Fool's Errand: Tawny Man, Book 1
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Fool's Errand: Tawny Man, Book 1 Audible Audiobook – Unabridged

4.7 out of 5 stars 1,677 ratings

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Product details

Listening Length 25 hours and 18 minutes
Author Robin Hobb
Narrator James Langton
Whispersync for Voice Ready Release Date July 15, 2014
Publisher Brilliance Audio
Program Type Audiobook
Version Unabridged
Language English
Best Sellers Rank #8,013 in Audible Books & Originals (See Top 100 in Audible Books & Originals)
#54 in Arthurian Fantasy (Books)
#231 in Action & Adventure Fantasy (Audible Books & Originals)
#565 in Epic Fantasy (Audible Books & Originals)

Customer reviews

4.7 out of 5 stars
4.7 out of 5
1,677 global ratings

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Reviewed in the United States on December 4, 2018
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Reviewed in the United States on March 14, 2019
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Amazon Customer
5.0 out of 5 stars Brilliant Story
Reviewed in the United Kingdom on June 10, 2020
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2 people found this helpful
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A. Whitehead
4.0 out of 5 stars A mixture of fantasy adventure and melancholic introspection
Reviewed in the United Kingdom on August 30, 2018
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4.0 out of 5 stars A mixture of fantasy adventure and melancholic introspection
Reviewed in the United Kingdom on August 30, 2018
Fifteen years have passed since the end of the Red Ship War. FitzChivalry Farseer is believed dead, with only a few knowing the truth that he survived and helped end the war and the threat of the cruel King Regal. Living a comfortable life as a smallholder with his wolf Nighteyes and an adopted son, Hap, Fitz occasionally has strange dreams. He dismisses these, until his old friend the Fool visits with news: Prince Dutiful, the son of Queen Kettricken and the late King Verity, has vanished in a very strange manner. Reluctantly, Fitz returns to Buckkeep and a life he thought he'd left behind.

Fool's Errand is the fourth novel featuring the adventures of FitzChivalry Farseer, picking up after the events of the original Farseer Trilogy. It's also the seventh novel overall in the Realm of the Elderlings setting, which now extends across sixteen books. It's a bit of a fresh start in the series, as although it follows up on events in the Farseer books (and a brief mention is made of the Liveship Traders trilogy), it also introduces new characters and new storylines.

Fool's Errand is a slow book, at least to start with. The first 200 pages - more than a third of the novel - are taken up by Fitz's home life and routine, with lengthy ruminations on chicken-farming. Fitz's main concern isn't war, death or assassinations, but instead raising enough coin to find his adopted son a good apprenticeship. Some may find this sequence interminable, but Hobb uses this sequence to establish Fitz's good, comfortable and quiet life away from the mayhem of the court, and what it means when it is taken away when a new crisis erupts.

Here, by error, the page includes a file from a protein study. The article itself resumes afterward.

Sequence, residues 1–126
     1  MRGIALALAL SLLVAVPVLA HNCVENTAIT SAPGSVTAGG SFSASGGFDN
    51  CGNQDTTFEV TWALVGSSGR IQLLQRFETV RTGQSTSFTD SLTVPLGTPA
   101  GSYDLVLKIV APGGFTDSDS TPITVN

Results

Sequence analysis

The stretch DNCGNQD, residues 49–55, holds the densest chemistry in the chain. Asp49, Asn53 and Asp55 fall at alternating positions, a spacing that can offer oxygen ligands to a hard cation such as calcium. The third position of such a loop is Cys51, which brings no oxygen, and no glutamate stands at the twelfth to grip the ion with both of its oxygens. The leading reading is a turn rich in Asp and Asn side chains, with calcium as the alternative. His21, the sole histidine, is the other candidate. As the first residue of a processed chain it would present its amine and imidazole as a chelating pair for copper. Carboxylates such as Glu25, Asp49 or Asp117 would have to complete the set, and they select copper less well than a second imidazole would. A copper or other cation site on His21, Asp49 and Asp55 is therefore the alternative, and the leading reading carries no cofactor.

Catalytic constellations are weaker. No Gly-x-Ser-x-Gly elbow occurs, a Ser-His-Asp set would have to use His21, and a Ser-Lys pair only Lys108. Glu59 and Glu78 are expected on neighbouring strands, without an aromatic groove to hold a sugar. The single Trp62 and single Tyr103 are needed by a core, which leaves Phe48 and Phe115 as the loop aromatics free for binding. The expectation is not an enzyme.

The rest of the novel is more familiar: a prince has gone missing, the Witted people of the Six Duchies are rebelling against the persecution and murder of their kind by forming an armed resistance and a new peace treaty between the Duchies and the Outislands is in jeopardy. Keen for people to not realise he's survived, Fitz adopts a new identity (the uncouth Tom Badgerlock) and undertakes clandestine mission for the crown. This results in some splendid, classic epic fantasy elements such as an awkward cliffside sword fight against superior enemy numbers, the experimental use of magic and the gradual teasing and unravelling of a labyrinthine conspiracy.

This doesn't mean that Hobb's straying too far from her established tropes. When in doubt about what to do next, she just makes Fitz's life more miserable and horrible than ever before, killing off loved ones and finding ways to put him in as awkward and painful a situation as possible. It's all vaguely depressing, which is an odd juxtaposition given that the second half of the novel is as lively and swashbuckling as Hobb has ever gotten.

Still, if you're in the mood for a beautifully-written, somewhat melancholy fantasy where the focus is firmly on the characters rather than magic or battles, Fool's Errand (****) is a very fine novel. It's also surprisingly stand-alone: you'd definitely miss a fair amount if you hadn't read the Farseer trilogy, but the plot is focused on a new story and situation. Also, whilst the story clearly is set to continue after the final page, there's no major cliffhanger ending. The novel is available now in the UK and USA.
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4 people found this helpful
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Swords and Spectres
5.0 out of 5 stars The start of a great trilogy
Reviewed in the United Kingdom on February 9, 2014
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5.0 out of 5 stars skill -tug
Reviewed in the United Kingdom on January 5, 2016
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5.0 out of 5 stars Good to be back
Reviewed in the United Kingdom on April 19, 2013
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2 people found this helpful
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